- Noble Bigot: George and Winifred display mild sexist attitudes toward each other, with George speaking of his wife as if she is one of his many "subjects"; while Winifred, in her Straw Feminist song "Sister Suffragette", proclaims: "Though we adore men individually, we agree that, as a group, they're rather stupid."
- Not Even Bothering with the Accent: Philadelphia-born Ed Wynn in his brief appearance as Uncle Albert.
- Oh, No... Not Again!: "Ahh! They're at it again!", "They're at it again, step in time! They're at it again, step in time!" Apparently those sweeps have been here before...
- One-Man Band: Bert operates one near the beginning.
- One Steve Limit: Minor aversion.
- One of the female names rattled off in the penguin scene is "Jane". Presumably Bert isn't referring to Jane Banks (a good thing, too, since, given the context, the reference would be more than a little creepy).
- There's also Bert and Uncle Albert, though if he's Bert's actual uncle it's possible he was named after him. The book states that Bert's real name is Herbert.
- Order Versus Chaos: Mr. Banks (order) vs. Mary Poppins (chaos). The trope is played with in that Mary behaves like a very order-oriented person even as she fills people's lives with delightful chaos.
- Panty Shot:
- Mrs. Banks hikes up her dress while singing feminist propaganda, causing Ellen, the Banks household's parlormaid, to shriek in horror.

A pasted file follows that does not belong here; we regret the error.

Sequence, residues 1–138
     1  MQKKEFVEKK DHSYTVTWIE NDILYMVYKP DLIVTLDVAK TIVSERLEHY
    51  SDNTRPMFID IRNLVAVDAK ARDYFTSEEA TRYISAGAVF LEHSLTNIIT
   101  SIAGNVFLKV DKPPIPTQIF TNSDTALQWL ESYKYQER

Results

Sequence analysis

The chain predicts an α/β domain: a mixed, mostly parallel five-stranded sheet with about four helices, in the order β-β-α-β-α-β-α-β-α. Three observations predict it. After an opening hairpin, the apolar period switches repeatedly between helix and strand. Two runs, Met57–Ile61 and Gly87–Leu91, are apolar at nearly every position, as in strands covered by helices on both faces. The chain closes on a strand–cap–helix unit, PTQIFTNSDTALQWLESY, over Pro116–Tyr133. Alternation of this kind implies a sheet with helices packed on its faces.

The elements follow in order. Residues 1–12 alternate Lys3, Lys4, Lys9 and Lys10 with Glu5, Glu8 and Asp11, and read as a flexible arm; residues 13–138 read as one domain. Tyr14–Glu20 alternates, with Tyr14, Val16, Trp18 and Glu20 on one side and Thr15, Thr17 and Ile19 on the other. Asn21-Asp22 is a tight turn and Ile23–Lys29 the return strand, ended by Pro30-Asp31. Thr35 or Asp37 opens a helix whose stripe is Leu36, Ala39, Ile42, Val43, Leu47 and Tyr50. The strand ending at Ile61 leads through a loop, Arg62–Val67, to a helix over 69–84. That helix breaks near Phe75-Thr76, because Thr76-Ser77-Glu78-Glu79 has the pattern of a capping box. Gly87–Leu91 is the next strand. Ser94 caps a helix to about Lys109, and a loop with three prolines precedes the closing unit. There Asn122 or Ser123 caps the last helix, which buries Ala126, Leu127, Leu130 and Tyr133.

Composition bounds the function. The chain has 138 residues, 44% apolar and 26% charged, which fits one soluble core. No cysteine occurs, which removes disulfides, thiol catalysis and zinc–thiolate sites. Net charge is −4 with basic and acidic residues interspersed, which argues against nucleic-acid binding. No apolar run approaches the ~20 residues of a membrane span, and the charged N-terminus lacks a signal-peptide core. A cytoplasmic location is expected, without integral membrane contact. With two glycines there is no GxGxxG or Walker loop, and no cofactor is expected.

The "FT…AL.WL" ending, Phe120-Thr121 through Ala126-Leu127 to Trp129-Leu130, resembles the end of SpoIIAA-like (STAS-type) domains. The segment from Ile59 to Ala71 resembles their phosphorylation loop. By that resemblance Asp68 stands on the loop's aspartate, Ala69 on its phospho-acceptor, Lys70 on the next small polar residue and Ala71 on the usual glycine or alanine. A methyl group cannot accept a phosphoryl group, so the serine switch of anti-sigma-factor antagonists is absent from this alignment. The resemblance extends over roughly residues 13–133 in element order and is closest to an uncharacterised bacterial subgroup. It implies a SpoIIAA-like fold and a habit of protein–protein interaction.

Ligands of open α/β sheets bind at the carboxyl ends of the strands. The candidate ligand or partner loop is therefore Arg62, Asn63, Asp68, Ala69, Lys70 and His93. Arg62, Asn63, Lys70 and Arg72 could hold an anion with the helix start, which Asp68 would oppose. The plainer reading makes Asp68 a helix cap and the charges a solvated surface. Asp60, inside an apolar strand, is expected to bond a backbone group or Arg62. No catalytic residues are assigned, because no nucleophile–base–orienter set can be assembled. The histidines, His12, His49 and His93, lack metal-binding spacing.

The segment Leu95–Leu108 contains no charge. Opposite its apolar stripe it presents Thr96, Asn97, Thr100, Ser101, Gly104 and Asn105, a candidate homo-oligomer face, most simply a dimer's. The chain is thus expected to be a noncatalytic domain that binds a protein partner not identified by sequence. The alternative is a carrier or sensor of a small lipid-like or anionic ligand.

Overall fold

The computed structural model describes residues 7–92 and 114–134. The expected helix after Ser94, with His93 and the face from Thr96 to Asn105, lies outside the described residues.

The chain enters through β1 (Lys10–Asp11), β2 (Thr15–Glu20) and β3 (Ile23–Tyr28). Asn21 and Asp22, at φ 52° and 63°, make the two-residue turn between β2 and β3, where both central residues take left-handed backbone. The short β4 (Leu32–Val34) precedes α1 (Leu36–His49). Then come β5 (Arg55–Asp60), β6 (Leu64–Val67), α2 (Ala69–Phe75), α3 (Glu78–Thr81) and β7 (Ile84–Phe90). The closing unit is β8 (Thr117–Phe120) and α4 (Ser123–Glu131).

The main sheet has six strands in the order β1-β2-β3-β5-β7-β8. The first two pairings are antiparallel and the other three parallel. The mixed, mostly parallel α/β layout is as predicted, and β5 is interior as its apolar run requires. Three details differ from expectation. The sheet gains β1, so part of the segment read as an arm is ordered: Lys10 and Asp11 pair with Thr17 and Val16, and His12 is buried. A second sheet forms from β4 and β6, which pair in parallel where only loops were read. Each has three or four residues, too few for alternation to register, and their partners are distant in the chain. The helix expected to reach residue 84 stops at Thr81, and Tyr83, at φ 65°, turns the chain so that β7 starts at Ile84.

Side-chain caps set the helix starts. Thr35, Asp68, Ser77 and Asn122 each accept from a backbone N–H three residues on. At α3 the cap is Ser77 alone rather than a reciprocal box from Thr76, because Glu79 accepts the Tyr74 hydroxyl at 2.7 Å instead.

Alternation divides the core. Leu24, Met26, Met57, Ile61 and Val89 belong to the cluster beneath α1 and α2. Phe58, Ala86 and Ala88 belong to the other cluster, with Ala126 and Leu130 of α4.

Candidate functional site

- Mary Poppins flashes her pink bloomers while dancing on the rooftop, much to the delight of the (male) chimney sweeps.
- Paper Destruction of Anger: Mr Banks drafts an advertisement for a nanny to put in the newspaper. His kids also draft an advertisement for a nanny. When Mr Banks finds out that the kids' ideas of what traits the nanny should have are completely opposite to the traits he thinks the nanny should have, he tears up the kids' draft in disdain.
- Parasol Parachute: It goes up as well as down.
- Parasol of Prettiness: Mary Poppins has one in the chalk painting sequence. Along with a lacy white dress.
- Parental Bonus: Watch it as a kid and you'll get a thoroughly entertaining movie. Watch it again twenty years later and you'll suddenly be able to understand a whole host of jokes and subplots that you couldn't possibly have gotten as a kid, either for want of experience or vocabulary, or simply because the adults were talking too fast.